Original languageEnglish (US)
Article number194501
JournalJournal of Chemical Physics
Volume148
Issue number19
DOIs
StatePublished - May 21 2018

Fingerprint

silica glass
Fused silica
Hot pressing
Silicon Dioxide
silicon dioxide
Ice
ice
Temperature
Brillouin scattering
structural stability
densification
Mechanical stability
thermal energy
Energy barriers
homogeneity
temperature
Thermal energy
Densification
Light scattering
light scattering

ASJC Scopus subject areas

  • Physics and Astronomy(all)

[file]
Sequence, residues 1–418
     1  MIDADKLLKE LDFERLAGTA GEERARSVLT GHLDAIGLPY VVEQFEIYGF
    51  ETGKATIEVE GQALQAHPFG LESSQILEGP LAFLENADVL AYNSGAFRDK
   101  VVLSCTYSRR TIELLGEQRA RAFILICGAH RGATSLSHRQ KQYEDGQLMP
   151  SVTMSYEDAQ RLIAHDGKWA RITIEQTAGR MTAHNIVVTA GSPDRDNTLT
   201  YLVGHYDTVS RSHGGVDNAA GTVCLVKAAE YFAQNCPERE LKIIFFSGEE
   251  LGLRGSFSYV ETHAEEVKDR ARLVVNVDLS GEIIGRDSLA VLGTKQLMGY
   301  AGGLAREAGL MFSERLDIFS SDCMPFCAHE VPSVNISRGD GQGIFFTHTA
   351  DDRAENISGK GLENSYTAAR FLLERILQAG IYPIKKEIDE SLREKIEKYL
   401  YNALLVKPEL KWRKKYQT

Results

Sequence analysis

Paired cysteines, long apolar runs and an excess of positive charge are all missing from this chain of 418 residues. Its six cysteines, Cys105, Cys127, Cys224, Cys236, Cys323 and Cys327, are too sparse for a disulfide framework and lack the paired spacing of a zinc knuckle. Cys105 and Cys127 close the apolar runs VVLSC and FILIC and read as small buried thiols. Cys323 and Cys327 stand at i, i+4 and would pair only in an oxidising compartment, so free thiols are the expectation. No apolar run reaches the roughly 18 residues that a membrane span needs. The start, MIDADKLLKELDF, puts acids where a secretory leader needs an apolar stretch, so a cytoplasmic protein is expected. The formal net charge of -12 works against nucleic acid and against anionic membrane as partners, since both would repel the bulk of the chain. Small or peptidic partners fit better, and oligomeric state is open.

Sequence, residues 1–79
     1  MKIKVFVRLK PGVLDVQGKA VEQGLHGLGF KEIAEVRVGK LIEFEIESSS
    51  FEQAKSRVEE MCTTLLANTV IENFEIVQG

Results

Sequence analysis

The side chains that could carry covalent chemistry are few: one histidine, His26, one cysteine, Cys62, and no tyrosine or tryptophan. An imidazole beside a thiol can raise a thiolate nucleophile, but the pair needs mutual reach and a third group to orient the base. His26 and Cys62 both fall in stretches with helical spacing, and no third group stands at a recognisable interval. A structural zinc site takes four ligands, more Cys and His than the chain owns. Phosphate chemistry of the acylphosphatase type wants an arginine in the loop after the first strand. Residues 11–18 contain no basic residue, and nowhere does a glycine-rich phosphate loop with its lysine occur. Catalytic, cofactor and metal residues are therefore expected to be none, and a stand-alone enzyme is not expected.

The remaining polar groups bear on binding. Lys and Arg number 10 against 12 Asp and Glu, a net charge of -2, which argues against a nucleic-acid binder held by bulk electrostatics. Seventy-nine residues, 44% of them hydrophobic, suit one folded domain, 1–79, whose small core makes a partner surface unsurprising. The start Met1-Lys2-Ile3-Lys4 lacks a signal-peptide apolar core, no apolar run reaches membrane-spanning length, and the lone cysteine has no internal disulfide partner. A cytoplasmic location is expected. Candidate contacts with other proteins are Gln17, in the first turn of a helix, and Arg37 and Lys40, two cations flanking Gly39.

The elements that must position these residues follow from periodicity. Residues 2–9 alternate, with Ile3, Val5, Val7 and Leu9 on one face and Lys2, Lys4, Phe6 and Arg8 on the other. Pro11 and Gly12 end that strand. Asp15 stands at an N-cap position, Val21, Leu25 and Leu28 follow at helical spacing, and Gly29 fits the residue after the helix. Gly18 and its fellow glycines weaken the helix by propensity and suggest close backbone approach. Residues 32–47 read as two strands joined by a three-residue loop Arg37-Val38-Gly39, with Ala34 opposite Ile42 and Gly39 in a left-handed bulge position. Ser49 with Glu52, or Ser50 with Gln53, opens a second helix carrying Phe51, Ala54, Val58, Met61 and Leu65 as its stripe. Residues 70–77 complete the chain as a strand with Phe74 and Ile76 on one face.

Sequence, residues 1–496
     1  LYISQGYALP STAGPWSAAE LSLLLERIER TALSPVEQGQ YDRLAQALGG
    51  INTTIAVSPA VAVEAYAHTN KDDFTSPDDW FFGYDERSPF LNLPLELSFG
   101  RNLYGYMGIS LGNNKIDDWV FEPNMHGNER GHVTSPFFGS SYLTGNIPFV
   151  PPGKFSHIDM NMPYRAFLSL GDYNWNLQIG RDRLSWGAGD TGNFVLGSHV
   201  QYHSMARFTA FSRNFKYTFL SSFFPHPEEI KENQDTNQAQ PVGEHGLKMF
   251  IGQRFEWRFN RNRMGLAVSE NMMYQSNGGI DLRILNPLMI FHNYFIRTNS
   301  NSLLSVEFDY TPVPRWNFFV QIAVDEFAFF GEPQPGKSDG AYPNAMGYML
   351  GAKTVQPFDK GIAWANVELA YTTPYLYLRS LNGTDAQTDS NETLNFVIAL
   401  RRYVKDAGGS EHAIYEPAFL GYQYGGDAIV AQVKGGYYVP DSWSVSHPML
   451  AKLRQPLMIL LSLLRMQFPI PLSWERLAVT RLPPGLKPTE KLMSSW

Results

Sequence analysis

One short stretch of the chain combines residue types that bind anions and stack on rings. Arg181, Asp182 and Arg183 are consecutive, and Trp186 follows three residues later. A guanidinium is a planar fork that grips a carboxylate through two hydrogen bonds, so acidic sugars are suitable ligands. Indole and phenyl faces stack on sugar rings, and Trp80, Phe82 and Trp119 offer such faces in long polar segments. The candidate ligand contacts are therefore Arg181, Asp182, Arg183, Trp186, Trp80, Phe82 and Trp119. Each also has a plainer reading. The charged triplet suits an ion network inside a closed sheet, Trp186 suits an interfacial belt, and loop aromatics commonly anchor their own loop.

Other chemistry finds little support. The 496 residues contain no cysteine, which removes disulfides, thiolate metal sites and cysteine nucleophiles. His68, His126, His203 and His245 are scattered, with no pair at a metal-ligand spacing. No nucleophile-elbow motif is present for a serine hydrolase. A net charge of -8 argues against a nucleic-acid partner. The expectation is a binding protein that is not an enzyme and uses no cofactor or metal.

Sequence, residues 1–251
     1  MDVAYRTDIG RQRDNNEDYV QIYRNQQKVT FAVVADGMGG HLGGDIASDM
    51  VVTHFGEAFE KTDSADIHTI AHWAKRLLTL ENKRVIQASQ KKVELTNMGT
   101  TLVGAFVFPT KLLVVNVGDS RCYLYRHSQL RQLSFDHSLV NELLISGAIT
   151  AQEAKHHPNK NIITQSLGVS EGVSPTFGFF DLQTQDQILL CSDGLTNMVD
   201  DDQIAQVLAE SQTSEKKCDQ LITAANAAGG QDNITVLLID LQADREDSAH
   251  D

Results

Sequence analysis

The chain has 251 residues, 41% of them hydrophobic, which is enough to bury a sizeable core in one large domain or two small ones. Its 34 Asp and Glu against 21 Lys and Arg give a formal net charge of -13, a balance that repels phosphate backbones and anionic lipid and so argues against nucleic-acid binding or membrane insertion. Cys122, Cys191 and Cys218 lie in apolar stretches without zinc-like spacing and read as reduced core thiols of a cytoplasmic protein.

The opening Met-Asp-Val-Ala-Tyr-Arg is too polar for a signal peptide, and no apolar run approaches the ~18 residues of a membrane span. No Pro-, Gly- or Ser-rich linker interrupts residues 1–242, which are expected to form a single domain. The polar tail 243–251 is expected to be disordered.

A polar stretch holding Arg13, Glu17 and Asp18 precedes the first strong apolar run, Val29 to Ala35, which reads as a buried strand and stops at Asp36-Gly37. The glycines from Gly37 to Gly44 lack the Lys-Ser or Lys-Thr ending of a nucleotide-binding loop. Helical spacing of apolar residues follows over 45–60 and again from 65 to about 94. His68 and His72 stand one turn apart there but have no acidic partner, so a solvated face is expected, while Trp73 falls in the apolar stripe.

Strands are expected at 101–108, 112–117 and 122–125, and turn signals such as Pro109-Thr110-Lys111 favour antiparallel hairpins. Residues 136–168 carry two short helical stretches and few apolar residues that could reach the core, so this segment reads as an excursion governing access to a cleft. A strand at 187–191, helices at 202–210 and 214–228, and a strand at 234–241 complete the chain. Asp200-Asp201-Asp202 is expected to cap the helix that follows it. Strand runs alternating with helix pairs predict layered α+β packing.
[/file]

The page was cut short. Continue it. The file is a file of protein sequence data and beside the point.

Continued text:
• Physical and Theoretical Chemistry

Cite this

Thermally induced amorphous to amorphous transition in hot-compressed silica glass. / Guerette, Michael; Ackerson, Michael R.; Thomas, Jay; Watson, E. Bruce; Huang, Liping.

In: Journal of Chemical Physics, Vol. 148, No. 19, 194501, 21.05.2018.

Research output: Contribution to journalArticle

Guerette, Michael ; Ackerson, Michael R. ; Thomas, Jay ; Watson, E. Bruce ; Huang, Liping. / Thermally induced amorphous to amorphous transition in hot-compressed silica glass. In: Journal of Chemical Physics. 2018 ; Vol. 148, No. 19.
@article{b1babb1f99854e728844d0e17cdf56dc,
title = "Thermally induced amorphous to amorphous transition in hot-compressed silica glass",